Finding Your Inner Resolve

When faced with unexpected obstacles, how do you resolve them?

This is a question I have been pondering these past few weeks, as a seemingly never ending number of obstacles have presented themselves for me to address, handle or overcome. It really has tested my inner resolve! I have found that the resultant outcomes of these unexpected situations had a great deal to do with my perspective and the filter I was viewing them through.
Everything happens for a reason, to teach us, remind us, or even reaffirm whether we are on track – or not.

I connected with a wonderful analogy (or word) that I read recently – “overwhelment”. This perfectly summed up the situation that I found myself experiencing. In an article, Esther Hicks, described “overwhelment” as being about you not being up to speed with what you told the Universe that you want. The Universe is yielding to you as you’re not ready to receive it right now.

This was particularly apt for myself. My ideas and future thinking was not aligned to where I currently was. On a recent trip to the city I literally had the door ripped from my car as I was ready to step out. I was definitely not being present at that moment. I was already thinking about what I needed to do when I returned to the office.

I also believe overwhelment happens if we lose connection to our inner compass – that capacity to resolve in a way which is aligned with our core essence.

We are often presented with things that seem too big to handle or address. I suggest that these situations are designed to challenge us, to awaken us and shift us out of our stupor. The car door was the awakening I had.

At these times, something comes to support us – which is reassuring. By chance, the right book shows up at the right time, a referral from a friend or colleague, an email, or just walking in a bookshop – yes I still love to do this! Real paperback books that I can highlight, scribble in as I read them. The right one seems to fall off the shelf.

For me, it was the book, Daring Greatly, by the resplendent Brene Brown. It had been recommended by a friend two months back, and busyness took over.
This paragraph, in particular, stood out for me as I was reading it over Easter.

“I want to be in the arena. I want to be brave with my life. And when we make the choice to dare greatly, we sign up to get our asses kicked. We can choose courage or we can choose comfort, but we can’t have both. Not at the same time.”
Dr Brene Brown

Rest might seem like a nice contrast to ‘overwhelment’, but enthusiasm is always chosen over rest. The only things that ever makes you tired or bogs you down is resistance (or choosing to stay in comfort). This was brought to life for me when watching “Running on Empty”, a 30 minute documentary on ABC TV’s Australian Story, 2 weeks back.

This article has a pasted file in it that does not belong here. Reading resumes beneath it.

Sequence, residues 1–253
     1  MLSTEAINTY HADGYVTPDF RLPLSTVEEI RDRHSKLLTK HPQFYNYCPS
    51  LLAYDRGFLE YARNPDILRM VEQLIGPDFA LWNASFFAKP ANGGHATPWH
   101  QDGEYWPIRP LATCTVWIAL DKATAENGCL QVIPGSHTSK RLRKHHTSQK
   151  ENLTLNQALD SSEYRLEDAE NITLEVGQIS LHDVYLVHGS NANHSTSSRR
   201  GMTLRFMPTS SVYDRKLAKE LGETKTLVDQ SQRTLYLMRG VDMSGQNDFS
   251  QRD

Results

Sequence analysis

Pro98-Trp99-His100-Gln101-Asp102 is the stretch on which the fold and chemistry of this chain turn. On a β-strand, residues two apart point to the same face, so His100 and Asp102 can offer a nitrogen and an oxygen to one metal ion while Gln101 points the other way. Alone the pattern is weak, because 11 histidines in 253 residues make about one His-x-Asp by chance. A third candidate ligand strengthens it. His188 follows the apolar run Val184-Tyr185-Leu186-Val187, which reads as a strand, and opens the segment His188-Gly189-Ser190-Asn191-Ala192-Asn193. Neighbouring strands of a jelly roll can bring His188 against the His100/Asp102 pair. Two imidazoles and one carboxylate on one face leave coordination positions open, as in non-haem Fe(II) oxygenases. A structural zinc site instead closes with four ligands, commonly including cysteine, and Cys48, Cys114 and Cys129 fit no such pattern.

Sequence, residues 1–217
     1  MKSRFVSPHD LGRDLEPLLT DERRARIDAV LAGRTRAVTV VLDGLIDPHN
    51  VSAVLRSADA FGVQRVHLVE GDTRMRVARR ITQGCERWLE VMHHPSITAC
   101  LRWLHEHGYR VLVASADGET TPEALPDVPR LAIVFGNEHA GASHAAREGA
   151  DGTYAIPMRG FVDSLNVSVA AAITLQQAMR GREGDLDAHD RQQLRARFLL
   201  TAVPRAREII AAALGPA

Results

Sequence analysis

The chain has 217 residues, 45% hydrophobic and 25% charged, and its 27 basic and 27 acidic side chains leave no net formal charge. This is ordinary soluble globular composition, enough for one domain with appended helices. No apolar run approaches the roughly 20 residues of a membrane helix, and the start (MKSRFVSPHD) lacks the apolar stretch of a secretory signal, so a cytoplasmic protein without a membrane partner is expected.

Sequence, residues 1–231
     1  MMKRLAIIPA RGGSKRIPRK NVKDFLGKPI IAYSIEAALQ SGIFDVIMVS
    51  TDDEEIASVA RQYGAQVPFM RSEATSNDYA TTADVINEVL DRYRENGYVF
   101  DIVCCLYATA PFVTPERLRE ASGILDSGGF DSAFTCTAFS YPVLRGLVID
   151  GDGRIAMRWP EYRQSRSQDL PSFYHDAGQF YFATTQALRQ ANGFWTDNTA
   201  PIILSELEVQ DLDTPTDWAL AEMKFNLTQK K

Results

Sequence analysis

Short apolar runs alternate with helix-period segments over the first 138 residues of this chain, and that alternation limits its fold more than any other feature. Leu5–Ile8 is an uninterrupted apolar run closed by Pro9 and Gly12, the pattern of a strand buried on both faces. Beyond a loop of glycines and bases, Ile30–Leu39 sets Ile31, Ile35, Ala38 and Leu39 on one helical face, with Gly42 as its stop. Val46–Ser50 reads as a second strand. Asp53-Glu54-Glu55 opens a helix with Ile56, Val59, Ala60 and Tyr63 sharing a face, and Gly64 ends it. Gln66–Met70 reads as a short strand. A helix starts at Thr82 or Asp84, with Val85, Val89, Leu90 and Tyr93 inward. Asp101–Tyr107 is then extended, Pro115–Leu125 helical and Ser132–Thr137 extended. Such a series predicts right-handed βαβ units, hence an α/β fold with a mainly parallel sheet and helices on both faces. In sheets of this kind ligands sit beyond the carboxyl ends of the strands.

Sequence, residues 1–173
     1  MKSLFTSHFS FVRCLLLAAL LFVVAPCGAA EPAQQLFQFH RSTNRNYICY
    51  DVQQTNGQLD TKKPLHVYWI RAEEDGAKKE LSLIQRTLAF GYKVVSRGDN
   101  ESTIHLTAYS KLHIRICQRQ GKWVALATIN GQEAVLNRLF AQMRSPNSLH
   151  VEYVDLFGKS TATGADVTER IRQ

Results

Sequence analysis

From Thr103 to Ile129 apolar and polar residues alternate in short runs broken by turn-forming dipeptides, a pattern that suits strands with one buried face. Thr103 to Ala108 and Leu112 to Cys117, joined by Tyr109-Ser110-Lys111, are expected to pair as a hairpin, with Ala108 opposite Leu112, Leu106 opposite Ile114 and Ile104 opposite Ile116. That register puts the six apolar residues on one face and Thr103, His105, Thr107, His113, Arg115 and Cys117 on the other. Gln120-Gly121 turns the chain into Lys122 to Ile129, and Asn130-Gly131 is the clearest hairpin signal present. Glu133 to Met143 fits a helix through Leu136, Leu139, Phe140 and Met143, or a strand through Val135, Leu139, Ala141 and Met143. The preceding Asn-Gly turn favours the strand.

The story covered an Australian who has more often than not ‘dared greatly’ and chosen courage over comfort, I was in total admiration of this wonderful young Environmentalist lawyer, Mina Guli, whose passion is to awaken the world to the crisis of water, globally. As a lawyer, turned educationalist on this issue, she has set up a company in Beijing and knew she needed to take her message out to the world. After running a marathon to raise awareness on the issue of how water is used and wasted in Asia, she wanted to know how she could create even greater awareness, globally. A coach challenged her to run more. So Mina undertook to run 100 marathons in 100 days across all five Continents. Now if that is not daring greatly I don’t know what is!.

Life, however, often brings us challenges to overcome along the way. It is how we overcome them that is the differentiator between courage and comfort.Shortly before beginning these marathons, Mina was diagnosed with a slight stress fracture in her leg. Doctors advised her to delay the 100-day challenge, to allow for recovery, Mina determined that this was not possible due to “sponsors’ commitment. The schedule remained. After completing 52 marathons, the soreness increased to such a degree that she was forced to rest, and then walk instead of running. In South Africa, it became impossible to even do this.

BUT – and this is where the inner resolve kicks in. People had heard about the 100-day challenge on social media (it has it positives!). Messages went out, sharing the intention and asking for interested people to run. Many people put their hand up, in South Africa and around the globe. The 100 marathons were achieved with the culmination in New York. Not just by one committed runner in Mina now, but a tribe of several hundreds, who have taken the message on board and raised the visibility. It is now a movement, not just one woman’s deep passion. Giving up was never an option.

A client I am currently mentoring mentioned this as an issue he was currently experiencing. Everything he had planned, seemed to be going off track, or was being stalled for various reasons. I asked him “What is the one thing that you could do for yourself right now, that would best serve you?”. He looked at me for a moment, and responded, “Pause and breathe, and check in with my team. His energy physically shifted. Sometimes we just need to stop and BE.

This inner resolve is a key quality of leaders who Stand Tall. They also know it okay to allow for others to help and support along the way.

In times of ‘overwhelment” this deep inner knowing and alignment and inner resolve are key for leaders in all areas of life.

• Where are you daring greatly?
• Are you choosing courage or comfort at this stage?
• How have you overcome “overwhelment” with deep “inner resolve”?

When faced with Unexpected Obstacles, how do you “Stand Tall”?